Coffee is the beverage behemoth in restaurants, accounting for 2.57 billion servings annually, per the NPD Group, and recent years have seen even fast food chains add specialty coffees to their menus. Flavors such as vanilla and mocha have proven particularly popular among major coffee introductions. Even in a troubled economy, the segment’s major player has seen little negative reaction to a price increase.
Starbucks implemented what it termed a “strategic price increase” in late 2009 and into the first months of 2010, but met with little consumer resistance; in fact, traffic into the coffee giant’s stores consistently improved throughout that time, likely due to the chain’s strategies behind these price increases. As William Blair & Co. noted in a September evaluation, “Starbucks’ methodology of strategically implementing price increases by market and by product and by size will minimize the potential for consumer pushback.”
That said, Starbucks’ results have also benefited from the revamp of its Frappuccinos line. The sugary, iced drinks propelled U.S. sales growth to levels not seen in more than four years. Profits for fiscal 3Q grew 37%, with company CEO Howard Schultz noting the blended beverages Frappuccinos and Vivannos were responsible for about two percentage points of the U.S. gain. In the process, he believes, “A halo effect on the brand helped drive increased sales of bottled Frappuccino for the first time in more than two years.”
Frappuccinos are similar to milkshakes, with some in the line containing no coffee, and contribute about 20% of the company’s total revenue each year (selling in excess of $2 billion). However, after sales peaked in 2006, the company set about revamping the line’s recipe and promoting its customizability. The retooled Frappuccino features fresh milk, higher quality coffee and a lack of either high-fructose corn syrup or undefined “milk ingredients,” but the big selling point is likely the customization possibilities. With milk and coffee added separately for each beverage, Starbucks allows for consumers to specify their Frappuccino exactly to their particular taste, as they can with other Starbucks drinks. While the base mix for light Frappuccinos now includes gluten, the base mix for the regular version does not. The company notes gluten-free Frap lovers who want a reduced-calorie option can request non-fat milk in a regular Frappuccino.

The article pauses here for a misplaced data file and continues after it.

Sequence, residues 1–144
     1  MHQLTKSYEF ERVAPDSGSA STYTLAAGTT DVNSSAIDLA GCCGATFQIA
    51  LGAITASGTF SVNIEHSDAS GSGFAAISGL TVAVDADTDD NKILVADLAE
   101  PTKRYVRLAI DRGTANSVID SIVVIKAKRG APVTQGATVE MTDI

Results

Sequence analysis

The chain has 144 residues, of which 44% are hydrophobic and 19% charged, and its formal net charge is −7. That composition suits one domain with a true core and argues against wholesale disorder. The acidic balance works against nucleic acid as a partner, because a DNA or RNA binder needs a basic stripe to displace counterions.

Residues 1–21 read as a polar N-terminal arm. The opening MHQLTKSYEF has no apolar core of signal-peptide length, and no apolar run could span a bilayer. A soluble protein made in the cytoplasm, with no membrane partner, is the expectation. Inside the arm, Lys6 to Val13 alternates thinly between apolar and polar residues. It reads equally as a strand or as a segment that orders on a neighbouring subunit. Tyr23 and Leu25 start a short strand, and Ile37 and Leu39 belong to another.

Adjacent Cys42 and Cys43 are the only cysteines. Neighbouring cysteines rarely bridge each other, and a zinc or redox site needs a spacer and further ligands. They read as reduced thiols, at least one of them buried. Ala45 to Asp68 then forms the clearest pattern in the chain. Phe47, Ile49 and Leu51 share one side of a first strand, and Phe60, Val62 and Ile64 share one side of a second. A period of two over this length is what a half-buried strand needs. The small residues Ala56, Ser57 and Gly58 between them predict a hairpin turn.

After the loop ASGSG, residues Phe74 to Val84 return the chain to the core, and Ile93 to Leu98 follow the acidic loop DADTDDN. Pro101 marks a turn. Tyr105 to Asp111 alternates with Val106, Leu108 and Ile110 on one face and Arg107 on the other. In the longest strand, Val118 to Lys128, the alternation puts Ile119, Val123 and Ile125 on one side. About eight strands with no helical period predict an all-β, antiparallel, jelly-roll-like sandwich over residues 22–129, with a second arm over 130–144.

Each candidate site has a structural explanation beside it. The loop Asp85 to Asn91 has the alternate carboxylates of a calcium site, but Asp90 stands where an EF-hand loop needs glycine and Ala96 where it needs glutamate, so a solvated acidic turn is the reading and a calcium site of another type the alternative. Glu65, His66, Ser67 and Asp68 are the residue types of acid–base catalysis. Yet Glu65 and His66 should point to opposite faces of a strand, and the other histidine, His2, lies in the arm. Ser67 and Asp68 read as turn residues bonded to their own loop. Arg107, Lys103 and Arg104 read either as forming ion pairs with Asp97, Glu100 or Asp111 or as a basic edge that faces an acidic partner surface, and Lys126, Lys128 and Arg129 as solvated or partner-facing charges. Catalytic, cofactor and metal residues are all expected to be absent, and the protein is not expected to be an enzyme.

The recipe redux resulted in “thousands of potential new combinations,” including Extra Coffee Caramel (with new Starbucks Frappuccino roast coffee and milk, blended with ice and topped with whipped cream and a swirl of buttery caramel sauce); Mocha Light (with 100, 150 and 200 calories in a Tall, Grande and Venti; combines mocha sauce, roast coffee and skim milk, blended with ice and made with coffee light syrup base); and Soy Strawberries & Crème (a coffee-free, non-dairy version of a classic recipe, adapted to include all-natural strawberry sauce, crème base and soymilk, blended with ice and topped with whipped cream).
The recipe change pertained only to in-store Frappuccinos in the U.S. and Canada; however, the company has been tinkering with new flavor possibilities in other parts of the world, including the launch of a black sesame-green tea flavor in China.
The U.S. Frappuccino changes, however, had no impact on the line’s nutrition profile, with the Double Chocolaty Chip Frappuccino still packing 670 calories per 24oz. In addition, Starbucks expanded its frozen treat possibilities further, with its launch of three new ice cream coffee-free flavors inspired by beverages from its coffeehouses, including Vanilla Bean Frappuccino, Signature Hot Chocolate and Strawberries & Crème Frappuccino.
While Starbucks expanded into other segments, it faced increased competition in its bread-and-butter fare, as McDonald’s continues to invest heavily in its own line of coffee and blended beverages. The burger giant has identified a number of non-carbonated beverage opportunities and has established a line of lattes, smoothies and coffee blends, as it aims for a bigger slice of the $153 billion U.S. beverage market (per Ad Age). Setting its sights particularly on Frappuccinos (which account for $2 billion of the $3.2 billion ice blended coffee category, according to Study Logic), McDonald’s developed frappes, lattes, cappuccinos, hot cocoa and even improved its traditional coffee, including “encouraging” franchisees to construct McCafe locations in their restaurants, all part of efforts to become a beverage destination. Executives had hoped the beverage focus would add roughly $125,000 in annual sales per location; according to Morningstar analyst R.J. Hottovy, McDonald’s stores with McCafes are running well ahead of that goal, on average.
The prescribed plan, so far, has been to identify opportunities that have proven successful among smaller chains and adapt them for McDonald’s huge network of restaurant locations. Such is the idea behind its recent foray into frozen juice blends, a staple of Sonic Drive-In’s success; McDonald’s has tested frozen strawberry lemonade in a number of markets. For that matter, the company has made a strong push into smoothies, just as a leading smoothie chain has targeted breakfast as a platform for growth.